In the exhibition, the vision of ten contemporary artists is put in dialogue with Alvim Corrêa’s drawings, paintings and illustrations. Corrêa’s works lead to reflection on exploration and struggles, on fear and desire for the fictional and fantastic realms, on human beings against the Martians or monstrous beings arising from our own imagination. Contemporary pieces also explore those topics through different approaches to fiction, fantasy and imagination, the background for Wells’ story.
Sartuzi, Neuenschwander and Lagomarsino, for example, present unusual figures in their work aiming to explore the human feelings of repulsion and attraction for the different, in addition to violence, fear, and prejudice. On the other hand, Cabelo features drawings and a neon piece in which he works with narratives and images of fantastic beings that populate his imagination. Cerveny also explores imaginary beings and the stars, in illustrations made for poems in the book Vejam como eu sei escrever, by José Paulo Paes, that belongs to the Pinacoteca’s collection. Copies of the Bible, Manual for Talking to God (2018-2021), believed to have been transmitted by extraterrestrial beings to Latin Americans, transcribed and illustrated by Peruvian artist Fernando Gutierrez Huanchaco, will be available to the public at the exhibition.
The exhibition also features the video Zero (2019), by Luiz Roque, which presents dystopia in a script that considers extinction and a post-human world. Also part of the curatorship is the work of artist Wendy Morris, from Namibia, who presents an unprecedented installation based on her research on the relationship between colonialism, enslavement, feminism, and resistance. It also includes two unpublished video pieces: Kopheneue (2021), by Denilson Baniwa, e Study for Superfictional Diagram: Switzerland vs Amazon, a supernutricional war (2021), by Guerreiro do Divino Amor. These works bring to light a very current general and apocalyptic war, and the degradation of the environment and the traditional cultures that preserve it.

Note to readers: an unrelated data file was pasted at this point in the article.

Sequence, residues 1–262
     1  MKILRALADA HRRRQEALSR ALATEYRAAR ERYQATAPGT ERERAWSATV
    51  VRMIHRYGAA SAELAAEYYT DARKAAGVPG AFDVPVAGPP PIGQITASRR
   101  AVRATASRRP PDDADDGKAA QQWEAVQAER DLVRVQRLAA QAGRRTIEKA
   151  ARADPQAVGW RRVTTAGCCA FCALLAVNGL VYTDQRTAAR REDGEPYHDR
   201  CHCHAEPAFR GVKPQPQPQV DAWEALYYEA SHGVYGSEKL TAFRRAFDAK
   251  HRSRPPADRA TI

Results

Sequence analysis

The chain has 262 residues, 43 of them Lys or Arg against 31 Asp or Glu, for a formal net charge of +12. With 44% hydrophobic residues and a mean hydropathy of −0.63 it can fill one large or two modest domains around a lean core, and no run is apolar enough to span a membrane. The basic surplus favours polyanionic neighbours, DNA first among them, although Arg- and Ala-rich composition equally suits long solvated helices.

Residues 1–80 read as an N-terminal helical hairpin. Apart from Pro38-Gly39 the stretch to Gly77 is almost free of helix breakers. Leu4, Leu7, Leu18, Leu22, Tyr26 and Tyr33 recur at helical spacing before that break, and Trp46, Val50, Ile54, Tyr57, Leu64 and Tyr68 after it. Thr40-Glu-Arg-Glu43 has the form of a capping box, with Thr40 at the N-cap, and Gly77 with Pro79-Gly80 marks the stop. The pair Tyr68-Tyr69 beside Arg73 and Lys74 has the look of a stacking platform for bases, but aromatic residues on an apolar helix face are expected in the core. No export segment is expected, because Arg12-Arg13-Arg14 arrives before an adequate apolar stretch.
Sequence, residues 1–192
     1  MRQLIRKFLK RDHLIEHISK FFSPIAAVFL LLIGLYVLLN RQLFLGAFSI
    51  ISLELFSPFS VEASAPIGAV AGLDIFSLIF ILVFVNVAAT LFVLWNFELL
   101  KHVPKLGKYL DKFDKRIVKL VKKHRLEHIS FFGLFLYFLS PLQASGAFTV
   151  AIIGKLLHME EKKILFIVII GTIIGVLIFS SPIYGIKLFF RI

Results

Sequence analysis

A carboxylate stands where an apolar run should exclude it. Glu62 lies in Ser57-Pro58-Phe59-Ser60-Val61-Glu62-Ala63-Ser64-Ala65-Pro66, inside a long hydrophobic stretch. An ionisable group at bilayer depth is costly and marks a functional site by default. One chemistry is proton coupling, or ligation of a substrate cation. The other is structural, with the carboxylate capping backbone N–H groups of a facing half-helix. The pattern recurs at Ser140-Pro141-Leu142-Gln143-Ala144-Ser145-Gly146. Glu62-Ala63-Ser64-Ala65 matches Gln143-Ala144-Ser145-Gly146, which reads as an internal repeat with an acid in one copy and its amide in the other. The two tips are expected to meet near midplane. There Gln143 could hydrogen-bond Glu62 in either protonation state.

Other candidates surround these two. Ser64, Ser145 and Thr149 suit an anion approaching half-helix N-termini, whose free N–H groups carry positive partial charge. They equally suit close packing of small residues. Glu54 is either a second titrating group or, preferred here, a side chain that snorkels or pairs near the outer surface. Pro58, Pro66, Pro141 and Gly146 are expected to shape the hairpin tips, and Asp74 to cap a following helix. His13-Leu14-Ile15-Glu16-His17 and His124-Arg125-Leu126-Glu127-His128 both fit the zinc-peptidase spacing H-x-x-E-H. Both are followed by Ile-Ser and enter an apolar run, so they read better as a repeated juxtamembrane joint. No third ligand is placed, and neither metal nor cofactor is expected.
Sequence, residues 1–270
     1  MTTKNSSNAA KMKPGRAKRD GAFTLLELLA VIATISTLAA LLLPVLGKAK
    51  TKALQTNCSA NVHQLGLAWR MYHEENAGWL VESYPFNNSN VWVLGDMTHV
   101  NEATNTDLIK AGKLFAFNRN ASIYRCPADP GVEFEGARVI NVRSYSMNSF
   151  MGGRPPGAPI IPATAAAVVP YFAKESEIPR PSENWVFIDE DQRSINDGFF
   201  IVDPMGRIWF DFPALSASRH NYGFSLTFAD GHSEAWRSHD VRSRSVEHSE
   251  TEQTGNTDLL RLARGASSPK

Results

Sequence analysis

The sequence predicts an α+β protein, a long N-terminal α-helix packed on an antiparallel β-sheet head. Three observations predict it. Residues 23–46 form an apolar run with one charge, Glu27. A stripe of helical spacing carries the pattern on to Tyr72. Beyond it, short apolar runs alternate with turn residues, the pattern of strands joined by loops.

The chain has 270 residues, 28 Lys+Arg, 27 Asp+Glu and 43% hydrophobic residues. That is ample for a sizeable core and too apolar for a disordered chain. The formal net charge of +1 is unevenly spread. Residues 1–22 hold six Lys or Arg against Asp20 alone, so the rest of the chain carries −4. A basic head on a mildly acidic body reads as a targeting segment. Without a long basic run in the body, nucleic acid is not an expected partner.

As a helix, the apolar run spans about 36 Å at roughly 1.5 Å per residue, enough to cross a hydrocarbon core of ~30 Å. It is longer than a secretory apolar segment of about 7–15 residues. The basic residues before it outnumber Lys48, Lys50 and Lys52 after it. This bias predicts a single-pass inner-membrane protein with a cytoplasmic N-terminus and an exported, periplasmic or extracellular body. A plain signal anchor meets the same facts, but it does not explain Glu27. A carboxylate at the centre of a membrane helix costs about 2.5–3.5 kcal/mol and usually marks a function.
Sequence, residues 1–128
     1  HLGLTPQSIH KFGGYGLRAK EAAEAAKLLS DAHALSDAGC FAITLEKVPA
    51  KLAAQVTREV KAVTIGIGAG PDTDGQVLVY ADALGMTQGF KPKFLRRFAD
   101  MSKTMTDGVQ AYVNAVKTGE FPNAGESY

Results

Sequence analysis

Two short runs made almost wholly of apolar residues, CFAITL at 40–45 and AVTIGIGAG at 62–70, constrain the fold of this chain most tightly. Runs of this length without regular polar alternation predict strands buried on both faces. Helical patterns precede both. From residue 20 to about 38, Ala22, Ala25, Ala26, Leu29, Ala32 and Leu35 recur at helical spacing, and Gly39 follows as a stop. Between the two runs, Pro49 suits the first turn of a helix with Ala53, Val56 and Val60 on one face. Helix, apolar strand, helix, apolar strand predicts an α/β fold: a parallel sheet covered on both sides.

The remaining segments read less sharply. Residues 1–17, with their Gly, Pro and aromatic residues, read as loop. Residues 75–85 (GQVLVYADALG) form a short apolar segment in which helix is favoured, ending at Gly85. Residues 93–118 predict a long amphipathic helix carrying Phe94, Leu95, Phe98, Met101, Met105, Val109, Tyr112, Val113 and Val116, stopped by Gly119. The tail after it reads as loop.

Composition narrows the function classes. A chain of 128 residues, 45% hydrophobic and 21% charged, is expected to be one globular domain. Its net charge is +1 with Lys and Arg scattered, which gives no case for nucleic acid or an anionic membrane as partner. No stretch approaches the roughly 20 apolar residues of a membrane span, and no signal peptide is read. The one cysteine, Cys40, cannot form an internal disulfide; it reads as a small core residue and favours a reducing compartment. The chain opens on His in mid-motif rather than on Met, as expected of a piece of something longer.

The exhibition No One would have believed:: Alvim Corrêa and 10 contemporary artists is accompanied with a richly illustrated catalogue, including a text by curators Fernanda Pitta and Laurens Dhaenens, an essay by Dhaenens and texts by contemporary artists Denilson Baniwa and Wendy Morris, who also have works in the exhibition. The publication has 80 pages and is available in the museum’s physical and online stores.
No One would have believed:: Alvim Corrêa and 10 contemporary
Curatorship: Fernanda Pitta e Laurens Dhaenens
Artists: Alvim Corrêa , Alex Cerveny, Cabelo, Denilson Baniwa, Fernando Gutiérrez Huanchaco, Guerreiro do Divino Amor, Ilê Sartuzi, Luiz Roque, Rivane Neuenschwander, Runo Lagomarsino, and Wendy Morris.
From 12.04.2021 to 04.11.2022
From Wednesday to Monday, from 10AM to 6PM
Admission tickets are booked and purchased through the Pinacoteca website.
On Saturdays, admission is free, but must be booked in advance through the website.
Pina Luz Building
Praça da Luz 2, São Paulo, SP